Much has been said about male
anger. Male guilt, too, is well documented. But in my
experience, the one thing most women fear more than
anything else, is male grief.
Women are not eager to hear about the grief many
thousands of men feel over Vietnam. Better to call it
fancy names and air it on TV, where it can become the
subject of tomorrow's lunch-time conversation with
the "girls," rather than confronting it in
the lives of the men they say they love.
Nor do women want to hear about the grief they cause.
Every time a woman complains about the "male
fear of commitment," she's adding to the grief
felt by those who would commit to her.
In Manhood Redux, C.H. Freedman
writes of the "ultimate discrimination" in
his chapter entitled "Arlington Cemetery: The
Ultimate Male- Chauvinist Preserve." There, he
relates men's horror stories of war, comparing them
to women's "horror stories" of sexism.
Essentially a comparison of male grief to female
anger, he demonstrates well how much more value our
society assigns to female anger.
For the indignity of being called "little
girl," he notes, many courts "are wont to
assume" it's "worth perhaps $50,000 in
compensation." (Manhood Redux,
C.H. Freedman, p 135) But how much, he asks, was it
worth for frightened young draftees in Vietnam to be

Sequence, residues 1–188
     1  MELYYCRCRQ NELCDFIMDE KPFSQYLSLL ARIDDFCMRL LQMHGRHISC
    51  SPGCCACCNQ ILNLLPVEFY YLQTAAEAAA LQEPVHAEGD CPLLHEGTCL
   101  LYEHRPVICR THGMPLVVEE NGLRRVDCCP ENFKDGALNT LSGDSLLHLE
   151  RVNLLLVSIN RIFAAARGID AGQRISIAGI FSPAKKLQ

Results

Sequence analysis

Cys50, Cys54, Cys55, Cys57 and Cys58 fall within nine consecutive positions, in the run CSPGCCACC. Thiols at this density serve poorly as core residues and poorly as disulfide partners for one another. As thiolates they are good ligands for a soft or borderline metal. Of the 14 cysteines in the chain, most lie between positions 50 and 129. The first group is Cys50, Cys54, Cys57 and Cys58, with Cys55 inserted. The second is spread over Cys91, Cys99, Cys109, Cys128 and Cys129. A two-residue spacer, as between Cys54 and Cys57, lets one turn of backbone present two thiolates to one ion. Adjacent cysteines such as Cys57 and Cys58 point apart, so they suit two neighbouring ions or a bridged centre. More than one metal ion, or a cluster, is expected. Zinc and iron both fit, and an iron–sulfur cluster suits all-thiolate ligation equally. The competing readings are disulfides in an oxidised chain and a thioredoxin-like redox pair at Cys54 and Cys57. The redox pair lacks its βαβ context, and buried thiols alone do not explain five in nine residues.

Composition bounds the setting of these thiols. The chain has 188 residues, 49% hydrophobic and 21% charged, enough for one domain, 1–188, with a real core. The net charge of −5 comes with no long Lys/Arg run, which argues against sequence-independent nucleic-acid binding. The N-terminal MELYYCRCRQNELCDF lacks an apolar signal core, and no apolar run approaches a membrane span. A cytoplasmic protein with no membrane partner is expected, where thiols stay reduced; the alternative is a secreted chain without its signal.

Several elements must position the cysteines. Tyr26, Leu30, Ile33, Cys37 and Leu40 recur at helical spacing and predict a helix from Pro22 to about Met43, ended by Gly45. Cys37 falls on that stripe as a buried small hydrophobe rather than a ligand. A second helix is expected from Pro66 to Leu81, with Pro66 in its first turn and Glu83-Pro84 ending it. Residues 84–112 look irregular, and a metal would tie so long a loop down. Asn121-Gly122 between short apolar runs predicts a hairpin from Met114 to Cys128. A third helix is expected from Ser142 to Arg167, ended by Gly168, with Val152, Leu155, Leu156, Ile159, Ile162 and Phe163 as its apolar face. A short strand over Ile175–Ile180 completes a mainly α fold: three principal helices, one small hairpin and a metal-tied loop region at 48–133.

told they were going to be used as bait?
How much is it worth to be told your life is worth
less than a can of worms or a dozen frozen bait
herring? How much, to hear members of the opposite
sex tell you your healthy sexual desires are bad
because you're a heterosexual male? How much, to
suffer hundreds of rejections by members of the
During the past 25 years, these have contributed to
the grief men commonly feel: rejection, denigration,
callous dismissal. How much are they worth?
Few women want to hear about this because then they'd
have to confront that, contrary to the popular
pop-feminist message that men deserve to be treated
like inhuman, rapacious beasts, we bleed, we hurt,
often women make us cry, and we die.
We hear how women can manipulate men by crying
because men fear female emotionality. But the truth
is, most women fear men's tears far more. Where men
will jump to protect women from what makes them cry,
women run away from the tears of men: "Only a
secure man is appealing." (Why Men Are
The Way They Are, Berkley edition/September
1988, Warren Farrell, Ph.D., p xxiii)
Most men quickly learn most women are turned off by
their tears, so they suppress the emotions that make
them cry. Sadly, no one can be truly intimate with
someone for whom they must never cry. Hence, in the
process of becoming the "tough guys" women
indicate by their choices they want, men erect
emotional barriers that, ultimately, prevent the
intimacy women say they want. Barriers to hide their
grief from the emotionally castrating American women.